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The Cherokee County School District began a new tradition today by surprising four teachers with the news they are CCSD Teacher of the Year Finalists!
Superintendent of Schools Dr. Brian V. Hightower visited the four teachers’ classrooms to announce their selection, from the field of all CCSD schools’ and centers’ Teachers of the Year, to vie for the top honor.
“Our School District truly is defined by the quality of our teachers, both their classroom instruction and the culture they create as role models and leaders,” Dr. Hightower said. “With as many schools and teachers as we have, we certainly were ready to create another level of Teacher of the Year recognition. We’re so proud of these finalists; they’re not just great educators -- they’re great people.”
The finalists are: Tabatha Box, math teacher at Etowah High School; Jama McCartney, art teacher at Clark Creek Elementary School STEM Academy; Karen Reynolds, first-grade teacher at Little River Elementary School; and Dana Townsend, PE teacher at Mill Creek Middle School.
The CCSD Teacher of the Year, who is one of these four finalists, will be announced during the Legacy Makers celebration ?on Thursday, Nov. 1. The CCSD winner will represent the School District in the Georgia Teacher of the Year competition. The Legacy Makers banquet, and the prizes to be awarded to all of the honorees, are made possible by presenting sponsors: Cherokee County Educational Foundation, Credit Union of Georgia, Northside Hospital Cherokee and Shottenkirk Chrysler Dodge Jeep Ram of Canton.
The four finalists – two from the pool of all elementary school-level winners and two from the group of middle, high and centers honorees – were selected by a committee of retired educators and community leaders. The finalist selection was based on teachers’ answers to questions about themselves and their views on teaching and education, and letters of recommendation from Principals, colleagues, students and parents.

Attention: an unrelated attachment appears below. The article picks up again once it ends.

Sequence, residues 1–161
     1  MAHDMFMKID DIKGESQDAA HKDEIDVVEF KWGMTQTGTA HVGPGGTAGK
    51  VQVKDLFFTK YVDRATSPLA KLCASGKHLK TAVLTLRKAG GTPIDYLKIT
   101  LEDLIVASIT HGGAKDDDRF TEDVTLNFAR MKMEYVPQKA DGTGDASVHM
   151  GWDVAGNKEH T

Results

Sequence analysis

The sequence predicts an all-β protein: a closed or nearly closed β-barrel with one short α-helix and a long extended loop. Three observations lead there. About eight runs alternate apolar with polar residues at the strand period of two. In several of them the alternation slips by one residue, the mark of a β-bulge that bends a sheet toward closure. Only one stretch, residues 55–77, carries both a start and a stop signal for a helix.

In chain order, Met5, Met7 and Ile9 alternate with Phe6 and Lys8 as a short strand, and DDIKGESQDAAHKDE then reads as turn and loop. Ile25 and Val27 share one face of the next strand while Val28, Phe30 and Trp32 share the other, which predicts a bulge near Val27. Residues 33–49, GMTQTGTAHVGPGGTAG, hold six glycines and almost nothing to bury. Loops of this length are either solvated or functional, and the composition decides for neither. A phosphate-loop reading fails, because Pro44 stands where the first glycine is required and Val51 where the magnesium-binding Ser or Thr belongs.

Superintendent of Schools Dr. Brian V. Hightower gives Etowah HS math teacher Tabatha Box a congratulatory hug after surprising her with the announcement that she is one of four finalists for CCSD Teacher of the Year.
Tabatha Box, Etowah High School Teacher of the Year
Tabatha Box loves teaching math, so much so that the way to her heart on Valentine’s Day was a gift of a skirt patterned with equations.
She was wearing this skirt today, as Dr. Hightower surprised her and an Etowah High School classroom full of Advanced Placement Calculus students.
The 11-year teacher said she was rendered speechless by the news she’s a CCSD Teacher of the Year Finalist, but her students were quick with praise.
“She’s not only really fun, but she really knows what she’s doing,” junior Jesse Sebring said. “She’s fair, and she helps us learn.”
Ms. Box, who teaches math classes ranging from geometry to AP Calculus, earned her undergraduate and graduate degrees from Kennesaw State University. She began teaching in 2007, joining CCSD in 2014.
She survived a very challenging childhood, and, as a college student fighting for custody and then raising her younger brother, Ms. Box found her calling to help children through teaching.
“I hope to inspire the desire to learn for the sake of learning, to be hard-working even when times are tough and stressful, and to respect and be kind to those around you,” she said. “These are core values I instill in my lessons day to day.”
Superintendent of Schools Dr. Brian V. Hightower surprises Clark Creek ES STEM Academy art teacher Jama McCartney with the news that she is one of four finalists for CCSD Teacher of the Year, as Principal Joey Moss looks on.
Jama McCartney, Clark Creek Elementary School STEM Academy
As an art teacher, Jama McCartney teaches children to shape clay into pottery. Her colleagues say she’s just as gifted at shaping students into better people and her school into a better place.